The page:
Category Archives: A blogger’s musings

Sail cats flying low over the Las Vegas desert

In our previous post, we described the origins of one bit of law enforcement lingo, the creepy-crawler, but only eluded to meaning of another, the sail cat.

So here’s a repost of a 13 January 2011 offering, about how a 19-year-old cub reporter learned just what exactly is a sail cat.

Way back in the late Pleistocene, esnl landed his first job on a daily newspaper.

The venue was the Las Vegas Review-Journal, a heady place for a 19-year-old’s introduction into the world of daily journalism.

Among the beats we covered was night cops, “because that’s where we start reporters with no experience,” explained the editor, Jim Leavey.

But covering the cop shop in Sin City after the sunset was anything but a dull beat, particularly so when I was the lone reporter working for the night edition, a street paper written to shock jaded casino workers out of their dimes at shift change.

“Beef it up, Brenneman,” was a frequent command from night editor Dick Calhoun, leading to lots of adjectives to paid six-paragraph stories into ten, twelve, even twenty grafs: “A homeless man set himself on fire” became “Flames seared the corpse of a Las Vegas man.”

Working the cop shop also required a sharp ear to catch the all the squawks from the newsroom bank of police radios.

We’re a quick study, and within a couple of week’s we’d mastered the “ten codes” and the Nevada Penal Code sections needed to decipher the otherwise cryptic, static-laden calls that formed a constant background beat to the ongoing symphony of teletypes, ringing phones [they actually rang back then], and sometimes boisterous newsroom chatter.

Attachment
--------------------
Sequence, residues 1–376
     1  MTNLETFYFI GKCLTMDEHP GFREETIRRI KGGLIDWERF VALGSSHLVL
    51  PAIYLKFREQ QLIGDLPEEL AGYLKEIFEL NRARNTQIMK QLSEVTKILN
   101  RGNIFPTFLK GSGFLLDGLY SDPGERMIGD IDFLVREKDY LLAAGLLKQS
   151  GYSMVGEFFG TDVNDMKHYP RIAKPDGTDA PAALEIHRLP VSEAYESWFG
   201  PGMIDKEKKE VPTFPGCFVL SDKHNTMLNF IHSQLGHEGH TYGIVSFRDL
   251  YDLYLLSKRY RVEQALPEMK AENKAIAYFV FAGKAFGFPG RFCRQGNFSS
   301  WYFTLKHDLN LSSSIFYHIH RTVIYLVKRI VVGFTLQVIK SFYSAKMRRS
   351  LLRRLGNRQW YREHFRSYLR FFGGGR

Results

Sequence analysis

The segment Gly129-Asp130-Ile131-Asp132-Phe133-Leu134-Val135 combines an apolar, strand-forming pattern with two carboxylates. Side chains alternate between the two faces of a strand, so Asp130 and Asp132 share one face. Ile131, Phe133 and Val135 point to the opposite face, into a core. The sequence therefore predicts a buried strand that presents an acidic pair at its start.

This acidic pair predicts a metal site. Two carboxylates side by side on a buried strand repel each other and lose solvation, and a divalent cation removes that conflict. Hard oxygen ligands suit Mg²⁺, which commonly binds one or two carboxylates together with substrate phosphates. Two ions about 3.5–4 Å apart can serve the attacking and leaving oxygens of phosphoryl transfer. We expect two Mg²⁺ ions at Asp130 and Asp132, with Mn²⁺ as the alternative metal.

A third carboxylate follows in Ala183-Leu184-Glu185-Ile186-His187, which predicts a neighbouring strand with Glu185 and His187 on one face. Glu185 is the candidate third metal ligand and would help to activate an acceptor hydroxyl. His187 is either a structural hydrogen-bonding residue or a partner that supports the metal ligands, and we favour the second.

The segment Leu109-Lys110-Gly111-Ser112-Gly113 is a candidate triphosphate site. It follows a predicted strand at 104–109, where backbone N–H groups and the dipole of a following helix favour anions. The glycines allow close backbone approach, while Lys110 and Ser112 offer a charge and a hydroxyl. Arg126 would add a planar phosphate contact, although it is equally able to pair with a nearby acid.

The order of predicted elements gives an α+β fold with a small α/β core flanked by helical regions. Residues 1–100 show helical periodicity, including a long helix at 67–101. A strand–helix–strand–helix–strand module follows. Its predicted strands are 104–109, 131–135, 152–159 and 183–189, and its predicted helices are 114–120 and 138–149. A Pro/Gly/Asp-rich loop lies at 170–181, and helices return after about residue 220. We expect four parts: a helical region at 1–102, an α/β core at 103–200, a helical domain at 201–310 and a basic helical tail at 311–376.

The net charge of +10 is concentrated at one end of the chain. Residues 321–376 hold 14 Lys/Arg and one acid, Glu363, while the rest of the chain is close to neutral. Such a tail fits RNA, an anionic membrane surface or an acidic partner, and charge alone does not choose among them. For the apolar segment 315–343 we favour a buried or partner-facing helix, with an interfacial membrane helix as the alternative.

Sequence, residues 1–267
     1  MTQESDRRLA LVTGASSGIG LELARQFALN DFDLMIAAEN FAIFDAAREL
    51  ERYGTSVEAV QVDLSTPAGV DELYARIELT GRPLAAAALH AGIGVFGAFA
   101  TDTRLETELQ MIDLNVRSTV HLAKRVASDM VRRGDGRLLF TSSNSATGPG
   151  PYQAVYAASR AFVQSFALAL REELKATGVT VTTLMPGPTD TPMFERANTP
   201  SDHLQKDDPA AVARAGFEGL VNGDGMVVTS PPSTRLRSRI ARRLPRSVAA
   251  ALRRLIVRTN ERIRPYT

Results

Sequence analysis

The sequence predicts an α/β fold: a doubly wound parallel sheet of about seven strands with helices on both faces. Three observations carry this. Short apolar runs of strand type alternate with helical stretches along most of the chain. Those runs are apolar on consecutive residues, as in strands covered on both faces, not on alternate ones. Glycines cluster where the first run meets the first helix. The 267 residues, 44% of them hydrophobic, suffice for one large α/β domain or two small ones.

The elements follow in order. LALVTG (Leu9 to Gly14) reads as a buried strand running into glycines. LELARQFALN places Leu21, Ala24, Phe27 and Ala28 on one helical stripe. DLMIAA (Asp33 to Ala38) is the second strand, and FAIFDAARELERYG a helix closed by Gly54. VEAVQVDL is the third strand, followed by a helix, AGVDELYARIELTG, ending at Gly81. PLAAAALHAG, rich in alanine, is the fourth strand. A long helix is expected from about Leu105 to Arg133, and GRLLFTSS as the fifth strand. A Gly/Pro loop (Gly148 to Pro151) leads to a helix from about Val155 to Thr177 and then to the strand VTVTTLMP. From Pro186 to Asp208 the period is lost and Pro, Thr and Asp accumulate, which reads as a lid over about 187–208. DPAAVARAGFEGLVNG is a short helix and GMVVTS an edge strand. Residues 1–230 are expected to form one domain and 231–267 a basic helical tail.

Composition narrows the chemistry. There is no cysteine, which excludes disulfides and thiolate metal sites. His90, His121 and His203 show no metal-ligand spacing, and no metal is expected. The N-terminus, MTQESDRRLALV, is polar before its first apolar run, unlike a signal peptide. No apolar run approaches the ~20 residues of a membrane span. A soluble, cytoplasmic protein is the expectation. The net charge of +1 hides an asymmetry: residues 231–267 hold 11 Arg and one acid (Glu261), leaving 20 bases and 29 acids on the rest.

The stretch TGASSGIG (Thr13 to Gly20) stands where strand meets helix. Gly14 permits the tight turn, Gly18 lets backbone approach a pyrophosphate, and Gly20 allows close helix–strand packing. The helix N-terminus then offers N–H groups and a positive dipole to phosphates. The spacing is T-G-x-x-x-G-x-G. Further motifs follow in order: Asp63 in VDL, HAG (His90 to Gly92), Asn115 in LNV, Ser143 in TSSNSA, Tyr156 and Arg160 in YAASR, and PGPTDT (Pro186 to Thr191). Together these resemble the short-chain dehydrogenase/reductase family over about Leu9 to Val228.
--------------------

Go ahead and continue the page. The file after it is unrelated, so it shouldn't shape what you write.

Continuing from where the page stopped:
But one two-word phrase left me stumped: “You gotta sail cat on Paradise just south of Flamingo,” or “Handle a sail cat on Sahara just north of the parkway.”

Back in those days, reporters could look over the crime reports filed by responding officers, a task which required a request to the desk sergeants at the police and sheriff’s departments. But nowhere in the reports did I ever come across the words “sail cat.”

One evening we heard the mysterious phrase just before setting out on our rounds, prompting a question to the burly, grizzled officer behind the desk at the LVPD.

Usually the officer was a study in surly indifference, but this time his eyes briefly lit up.

Cocking his head back, he suppressed a smile, pursed his lips, then gave a little snort.

“Well, kid, it’s like this.”

We nodded.

“You know how sometimes cars run over cats?”

We nodded again.

“Well, if you get to ‘em right away, they’re a real mess to clean up.”

Another nod.

You got all that blood, and sometimes there’s guts , brains, that type stuff. A real mess.”


“If you’re a few hours later, they can really stink. And then there’s all those flies. Pick up one of those things an you’ll never get rid of the stink in your car.”


“So what ya do is wait til the sun and the pavement bake all the juices out. And the traffic smashes up all the bones.”

“Yeah. . .”

“By then, they’re just a dry flat hairy circle on the pavement.”

Another nod.

“Well, then all you have to do is pry it up off the pavement and flip it off into the desert like a Frisbee.”


“So that, son, is what ya call a sail cat.”

Homeless in one of California’s richest cities

We started reporting in California back in 1967, just as hippies started flocking to California’s sunshine in hopes of, well, who knows what?